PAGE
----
1. If the settings made by performance chips are so great, why don't the factories use the same in the onboard computers?
The factory program is designed for the average driver, not serious motorists who demand performance and efficiency. Consequently, stock calibrations are tuned low to accommodate drivers who may use poor quality gasoline or do not have their vehicles regularly serviced. If you use higher octane fuel, keep your drive train in tip-top shape and have a need for speed, then stock settings are holding you back. A performance chip unleashes all the horsepower, torque and efficiency that are right now lost by the factory programming in your onboard computer.
The biggest difference between a control module and a power programmer is installation. A control module is wired directly to your vehicle's onboard computer, so it mounts right inside your engine compartment. On the other hand, a power programmer is not a permanent attachment to your vehicle. Instead, you plug it into your under-the-dash OBDII port, let it work its electronic wizardry and then unplug it once it's done. It does not remain installed on your vehicle like a control module does.
Another key distinction between control modules and power programmers is how much control they give you over the tuning process. After you splice a control module into your onboard computer system, it simply runs off its internal programming without your input. With a power programmer, there is interaction. When you plug it in, you answer questions about your driving style, if you have modified your vehicle and, often, what fuel you use. Based on your answers, it uploads new settings that are tailored for you and your driving habits.
No. A performance chip does not cause damage to your engine or transmission as it increases the horsepower and torque output. This power is generated mainly by harmlessly adjusting your air/fuel ratio and ignition timing to optimal settings.
In fact, a performance chip can even protect your engine from damage. When your air/fuel ratio is running lean, or if your timing is advanced too far past top dead center, then your engine can suffer from detonation, which is premature combustion. Over time, detonation can lead to sever engine damage, such as throwing a rod, twisting a crankshaft or snapping a piston. Performance chips actually reduce the threat of detonation by correcting the settings that cause it.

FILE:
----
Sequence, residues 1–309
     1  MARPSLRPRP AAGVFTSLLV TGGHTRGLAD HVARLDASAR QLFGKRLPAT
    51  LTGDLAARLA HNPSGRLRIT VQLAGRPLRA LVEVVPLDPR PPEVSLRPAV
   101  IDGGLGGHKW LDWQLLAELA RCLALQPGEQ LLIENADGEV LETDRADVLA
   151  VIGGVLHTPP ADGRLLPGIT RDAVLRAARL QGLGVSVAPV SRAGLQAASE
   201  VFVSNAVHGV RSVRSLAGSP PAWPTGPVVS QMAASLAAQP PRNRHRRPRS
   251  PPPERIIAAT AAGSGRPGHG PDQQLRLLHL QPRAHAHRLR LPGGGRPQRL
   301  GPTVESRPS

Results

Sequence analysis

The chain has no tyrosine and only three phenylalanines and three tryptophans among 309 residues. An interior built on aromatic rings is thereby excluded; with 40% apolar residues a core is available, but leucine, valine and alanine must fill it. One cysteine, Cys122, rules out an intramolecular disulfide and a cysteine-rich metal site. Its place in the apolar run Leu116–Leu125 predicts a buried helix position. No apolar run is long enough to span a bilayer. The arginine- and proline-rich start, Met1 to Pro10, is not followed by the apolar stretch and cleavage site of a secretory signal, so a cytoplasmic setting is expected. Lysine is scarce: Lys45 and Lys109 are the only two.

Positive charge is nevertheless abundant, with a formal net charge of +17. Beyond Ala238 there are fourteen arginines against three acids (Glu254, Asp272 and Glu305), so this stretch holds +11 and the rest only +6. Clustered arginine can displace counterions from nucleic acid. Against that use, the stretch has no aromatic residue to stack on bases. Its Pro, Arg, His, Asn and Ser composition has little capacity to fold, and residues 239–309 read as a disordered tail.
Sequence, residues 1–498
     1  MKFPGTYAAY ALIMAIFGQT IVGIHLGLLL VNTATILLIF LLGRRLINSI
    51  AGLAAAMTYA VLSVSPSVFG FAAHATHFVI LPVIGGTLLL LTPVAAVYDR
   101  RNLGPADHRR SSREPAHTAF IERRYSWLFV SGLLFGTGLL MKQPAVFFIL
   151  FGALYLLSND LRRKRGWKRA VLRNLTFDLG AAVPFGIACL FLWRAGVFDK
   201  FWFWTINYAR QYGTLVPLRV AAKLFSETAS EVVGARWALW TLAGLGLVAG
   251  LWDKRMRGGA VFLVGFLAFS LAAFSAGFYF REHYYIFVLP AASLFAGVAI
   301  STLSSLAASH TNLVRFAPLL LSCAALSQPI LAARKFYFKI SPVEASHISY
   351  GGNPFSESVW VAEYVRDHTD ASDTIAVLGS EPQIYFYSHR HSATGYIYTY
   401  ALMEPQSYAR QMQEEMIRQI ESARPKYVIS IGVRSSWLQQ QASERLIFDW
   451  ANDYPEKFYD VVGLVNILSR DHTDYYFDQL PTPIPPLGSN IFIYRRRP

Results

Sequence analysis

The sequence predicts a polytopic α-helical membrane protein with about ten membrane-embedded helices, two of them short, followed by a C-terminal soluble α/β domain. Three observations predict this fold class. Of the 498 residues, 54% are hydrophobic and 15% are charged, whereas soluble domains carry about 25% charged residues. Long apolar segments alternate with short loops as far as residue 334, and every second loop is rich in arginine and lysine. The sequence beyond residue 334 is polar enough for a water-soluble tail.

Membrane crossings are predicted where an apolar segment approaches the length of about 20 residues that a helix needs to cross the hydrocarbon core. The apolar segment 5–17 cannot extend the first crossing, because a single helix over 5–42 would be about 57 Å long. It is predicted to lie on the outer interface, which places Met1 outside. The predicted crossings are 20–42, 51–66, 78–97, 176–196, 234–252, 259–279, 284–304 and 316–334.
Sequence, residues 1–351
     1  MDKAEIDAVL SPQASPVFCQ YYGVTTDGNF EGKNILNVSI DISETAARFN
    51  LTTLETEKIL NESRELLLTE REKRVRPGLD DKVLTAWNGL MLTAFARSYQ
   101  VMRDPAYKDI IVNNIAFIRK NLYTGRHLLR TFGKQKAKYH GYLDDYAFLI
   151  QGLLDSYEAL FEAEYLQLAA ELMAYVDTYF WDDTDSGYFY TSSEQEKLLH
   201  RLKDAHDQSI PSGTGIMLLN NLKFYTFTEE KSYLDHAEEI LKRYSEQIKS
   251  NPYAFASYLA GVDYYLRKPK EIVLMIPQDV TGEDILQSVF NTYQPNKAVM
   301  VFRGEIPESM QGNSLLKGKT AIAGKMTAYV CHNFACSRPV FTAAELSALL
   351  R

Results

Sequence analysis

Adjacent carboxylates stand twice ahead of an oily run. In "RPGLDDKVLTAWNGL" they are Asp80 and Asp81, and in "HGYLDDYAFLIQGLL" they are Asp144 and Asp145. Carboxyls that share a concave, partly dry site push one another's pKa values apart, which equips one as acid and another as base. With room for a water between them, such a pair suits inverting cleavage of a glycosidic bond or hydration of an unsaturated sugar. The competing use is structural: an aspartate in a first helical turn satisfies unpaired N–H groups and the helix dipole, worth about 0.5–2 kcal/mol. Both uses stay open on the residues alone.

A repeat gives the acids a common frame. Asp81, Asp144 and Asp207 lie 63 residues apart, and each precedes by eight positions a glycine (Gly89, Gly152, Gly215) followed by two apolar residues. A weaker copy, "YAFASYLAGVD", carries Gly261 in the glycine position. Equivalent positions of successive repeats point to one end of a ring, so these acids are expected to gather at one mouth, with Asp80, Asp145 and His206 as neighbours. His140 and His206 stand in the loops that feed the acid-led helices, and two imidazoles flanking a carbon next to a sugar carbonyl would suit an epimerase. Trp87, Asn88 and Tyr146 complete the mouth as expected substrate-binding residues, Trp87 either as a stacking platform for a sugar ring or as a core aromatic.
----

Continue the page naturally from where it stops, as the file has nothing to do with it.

Not at all. Power programmers simply plug into your OBDII port, which is located right under your dashboard. It should not take more than ten minutes to plug in, tune up and unplug. Control modules are a bit more involved, but are still incredibly easy and straightforward. All you do is unhook some wires in your engine compartment and then plug in the control module. An engine management system (EMS), however, might require some modification to create a suitable mounting location inside your engine compartment. Once it's strapped down, though, the rest of the installation is just swapping wires from your onboard computer.
Far from it! Anyone can use our performance chips. All of the difficult programming has already been done by the engineers who built your performance chip, so all you have to do is plug yours in and enjoy all that radical tire-turning power that comes romping from your motor.
6. If I have made other performance modifications to my vehicle, is it a good idea to use a performance chip?
Coupling a performance chip with other modifications (e.g. catback exhaust systems, cold air induction kits and higher rated tires) is an excellent way to maximize the horsepower, torque and efficiency gains these parts promise. Since your onboard computer is running settings that are designed for the average driver who does not make modifications, it does not take into consideration upgrades from stock equipment. As such, your performance parts are probably not being fully utilized. When you add a performance chip into the equation, your drive train will be tuned to operate at peak levels, taking full advantage of your modifications.
Absolutely. Because performance chips make improved adjustments to your air/fuel ratio and ignition timing, your engine operates more efficiently and does not have to work as hard to generate power during combustion. In other words, your motor uses less fuel and still creates more power, maximizing the energy output from each drop of petrol. These improvements are especially noticeable in trucks during towing. Of course, if you like to think of yourself as an honorary member of the Andretti, Petty or Earnhardt family and drive accordingly, your fuel economy will probably remain about constant.